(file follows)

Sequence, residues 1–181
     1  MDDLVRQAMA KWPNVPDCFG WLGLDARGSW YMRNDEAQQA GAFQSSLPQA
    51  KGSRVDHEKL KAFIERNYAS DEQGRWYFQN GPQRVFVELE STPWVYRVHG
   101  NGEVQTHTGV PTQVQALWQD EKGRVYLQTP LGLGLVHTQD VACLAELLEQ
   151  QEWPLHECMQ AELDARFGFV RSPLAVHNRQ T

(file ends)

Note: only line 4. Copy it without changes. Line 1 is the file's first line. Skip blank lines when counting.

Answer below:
   101  NGEVQTHTGV PTQVQALWQD EKGRVYLQTP LGLGLVHTQD VACLAELLEQ